Post emergence weed control by ALS inhibitors works in corn and soybean genotypes with altered ALS genes. The altered genes code for a slightly modified ALS enzyme which is resistant to ALS inhibitors. The molecular basis of this alteration can be determined and help us understand what alleles of a gene are. Even without molecular analysis, geneticists discovered alleles of the ALS gene that would make plants resistant to the ALS herbicides. How were these alleles discovered?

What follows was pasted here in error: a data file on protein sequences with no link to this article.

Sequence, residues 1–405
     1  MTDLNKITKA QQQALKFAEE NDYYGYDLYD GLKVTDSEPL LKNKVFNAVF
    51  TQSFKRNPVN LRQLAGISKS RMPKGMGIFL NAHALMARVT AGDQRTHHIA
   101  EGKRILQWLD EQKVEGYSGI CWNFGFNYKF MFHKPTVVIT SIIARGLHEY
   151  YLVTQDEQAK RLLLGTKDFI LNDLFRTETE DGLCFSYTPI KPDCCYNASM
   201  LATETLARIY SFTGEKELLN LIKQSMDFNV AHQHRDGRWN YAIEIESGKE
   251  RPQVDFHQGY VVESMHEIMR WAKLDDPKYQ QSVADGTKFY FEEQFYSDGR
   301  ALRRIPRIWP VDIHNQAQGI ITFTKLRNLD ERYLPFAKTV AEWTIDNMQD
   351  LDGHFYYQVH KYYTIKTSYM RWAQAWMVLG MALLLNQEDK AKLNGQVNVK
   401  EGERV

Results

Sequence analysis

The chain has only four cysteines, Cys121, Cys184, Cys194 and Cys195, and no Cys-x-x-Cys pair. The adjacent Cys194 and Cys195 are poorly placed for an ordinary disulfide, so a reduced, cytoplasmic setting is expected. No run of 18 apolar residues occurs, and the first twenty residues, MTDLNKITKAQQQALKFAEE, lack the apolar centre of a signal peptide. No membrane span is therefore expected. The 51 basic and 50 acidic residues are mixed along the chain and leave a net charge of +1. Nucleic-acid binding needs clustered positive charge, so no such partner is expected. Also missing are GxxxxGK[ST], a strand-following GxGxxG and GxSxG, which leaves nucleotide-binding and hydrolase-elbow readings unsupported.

Corn breeders knew that ALS resistance did not naturally occur in their breeding lines. This discovery was easy to make. They planted thousands of different lines in short rows in the field, sprayed the field with the herbicide and observed the reaction of the lines. All of the lines tested had significant stunting. Variation did not exist in their lines so they decided to try to induce variation by mutagenesis. Pollen was collected from plants that had been exposed to a chemical mutagen. The chemical induced mistakes in DNA replication during pollen formation. The pollen was viable but carried mutant alleles. This pollen was applied to the silks of other corn plants to produce thousands of seeds. This seed was planted and the field test for ALS resistance was repeated. This time some plants resistant to stunting from ALS were observed, tagged and self pollinated. From this experiment, the IT (immi tolerant) allele was discovered. The IT allele appeared to be dominant over the normal ALS allele because plants with one copy of the IT allele per cell (heterozygotes) had the same level of resistance as plants that had two copies of the IT allele (homozygotes). Molecular analysis of these plants was done to reveal how the IT allele was different for the original version.